Newspapers have reported results from a major educational study that found students who rank in the top 10 percent of the Basic Competence Test for junior high school and who entered high school in the same region perform better on the General Scholastic Ability Test for college matriculation than those who attend elite high schools.
A closer look at the study, however, reveals a number of problems.
Students who moved locations to enter 27 elite high schools and those who remained in the same area to enter 21 community high schools in fact belong to groups that are not so easy to compare.
"Elite" and "community" high schools were not clearly defined in the study. Although it was not reported in the study which schools fall under the "elite" category, it can be assumed that the elite high schools in the sample do not necessarily offer better quality education than local schools.
In other words, as far as the quality of students is concerned, those who choose to enter high school locally were not necessarily academically worse off than those who attended elite high schools in other districts. The research hypotheses of the study are plainly questionable.
Experience tells us that there might be a number of less accomplished students among those attending elite senior high schools as well as excellent students among those attending local schools.
In other words, those attending local schools are not necessarily performing below the level of those at elite schools in other districts.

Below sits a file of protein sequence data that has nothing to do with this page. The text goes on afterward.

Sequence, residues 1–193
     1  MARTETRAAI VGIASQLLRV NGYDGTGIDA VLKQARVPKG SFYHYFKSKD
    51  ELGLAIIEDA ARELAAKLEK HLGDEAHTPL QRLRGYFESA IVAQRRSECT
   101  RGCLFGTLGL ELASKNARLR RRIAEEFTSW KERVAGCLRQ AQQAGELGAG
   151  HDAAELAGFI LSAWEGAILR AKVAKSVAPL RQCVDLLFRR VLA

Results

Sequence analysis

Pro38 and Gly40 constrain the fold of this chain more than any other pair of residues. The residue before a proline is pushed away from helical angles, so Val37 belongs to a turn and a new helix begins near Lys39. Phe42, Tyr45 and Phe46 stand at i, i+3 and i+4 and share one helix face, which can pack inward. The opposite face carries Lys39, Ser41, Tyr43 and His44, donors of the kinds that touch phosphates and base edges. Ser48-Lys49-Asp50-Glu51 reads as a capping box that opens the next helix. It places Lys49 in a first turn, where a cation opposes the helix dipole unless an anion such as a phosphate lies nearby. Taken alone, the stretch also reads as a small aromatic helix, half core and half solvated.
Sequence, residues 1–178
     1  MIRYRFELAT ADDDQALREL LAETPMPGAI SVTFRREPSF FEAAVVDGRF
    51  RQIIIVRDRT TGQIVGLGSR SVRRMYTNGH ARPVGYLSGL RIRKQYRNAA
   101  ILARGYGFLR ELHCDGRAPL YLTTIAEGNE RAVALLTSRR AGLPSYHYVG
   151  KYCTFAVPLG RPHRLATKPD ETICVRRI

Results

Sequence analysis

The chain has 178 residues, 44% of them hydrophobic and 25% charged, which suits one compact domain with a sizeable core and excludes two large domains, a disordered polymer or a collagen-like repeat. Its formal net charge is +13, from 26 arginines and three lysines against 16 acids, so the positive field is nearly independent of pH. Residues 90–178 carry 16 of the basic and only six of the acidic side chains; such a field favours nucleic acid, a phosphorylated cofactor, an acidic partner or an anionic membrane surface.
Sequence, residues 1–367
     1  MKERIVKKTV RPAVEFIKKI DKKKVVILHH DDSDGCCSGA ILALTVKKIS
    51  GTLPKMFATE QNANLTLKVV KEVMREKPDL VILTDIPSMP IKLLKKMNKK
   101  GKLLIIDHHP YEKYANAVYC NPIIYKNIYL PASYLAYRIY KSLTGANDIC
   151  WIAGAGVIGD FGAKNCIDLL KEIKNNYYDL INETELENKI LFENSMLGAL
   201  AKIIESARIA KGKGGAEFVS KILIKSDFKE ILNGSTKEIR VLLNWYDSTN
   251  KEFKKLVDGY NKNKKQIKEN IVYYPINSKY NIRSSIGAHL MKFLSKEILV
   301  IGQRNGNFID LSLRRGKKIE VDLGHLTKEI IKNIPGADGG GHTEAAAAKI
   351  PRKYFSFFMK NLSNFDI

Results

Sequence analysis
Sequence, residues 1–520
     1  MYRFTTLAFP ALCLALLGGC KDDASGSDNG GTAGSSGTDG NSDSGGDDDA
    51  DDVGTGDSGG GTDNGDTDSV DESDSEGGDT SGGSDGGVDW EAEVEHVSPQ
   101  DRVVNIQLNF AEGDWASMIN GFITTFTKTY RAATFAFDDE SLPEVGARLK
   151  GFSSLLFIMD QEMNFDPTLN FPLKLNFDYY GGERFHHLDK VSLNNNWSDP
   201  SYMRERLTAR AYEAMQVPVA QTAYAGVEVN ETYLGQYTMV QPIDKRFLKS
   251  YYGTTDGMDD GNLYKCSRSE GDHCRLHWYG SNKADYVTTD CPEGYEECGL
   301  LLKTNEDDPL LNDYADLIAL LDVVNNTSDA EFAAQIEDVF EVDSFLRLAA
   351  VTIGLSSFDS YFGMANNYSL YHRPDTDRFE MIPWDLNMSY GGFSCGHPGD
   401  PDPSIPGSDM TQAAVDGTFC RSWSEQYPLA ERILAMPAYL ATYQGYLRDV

There was also a huge discrepancy in the samples used for the two groups: the first consisted of 14,620 students and the second of only 2,480. This gap certainly leaves room for doubt.
The use of such samples leads to suspicions that the study was based on preconceptions that elite high schools are supposed to be superior to community high schools. But as the schools selected for the samples didn't match, it is difficult to accept the conclusion drawn by the study that community high school students performed better.
If the study was intended simply to highlight advantages of attending high school in one's own area, I'm sure the findings would be acceptable to the general public, and that this would also provide evidence to support the Ministry of Education's policies of integrating high schools in local communities and implementing its 12-year compulsory education agenda.
It is not at all certain, however, that we can use this study to prove that attending community schools gives better results.
I basically support a policy of encouraging students to attend high school in the local community, but elite high schools play an important role for those few gifted students that need a competitive environment to tap more of their potential.
I ask therefore that we stop scapegoating elite schools.
Tsai Ping-kun is principal of the National Taichung First Senior High School.
Translated by Ted Yang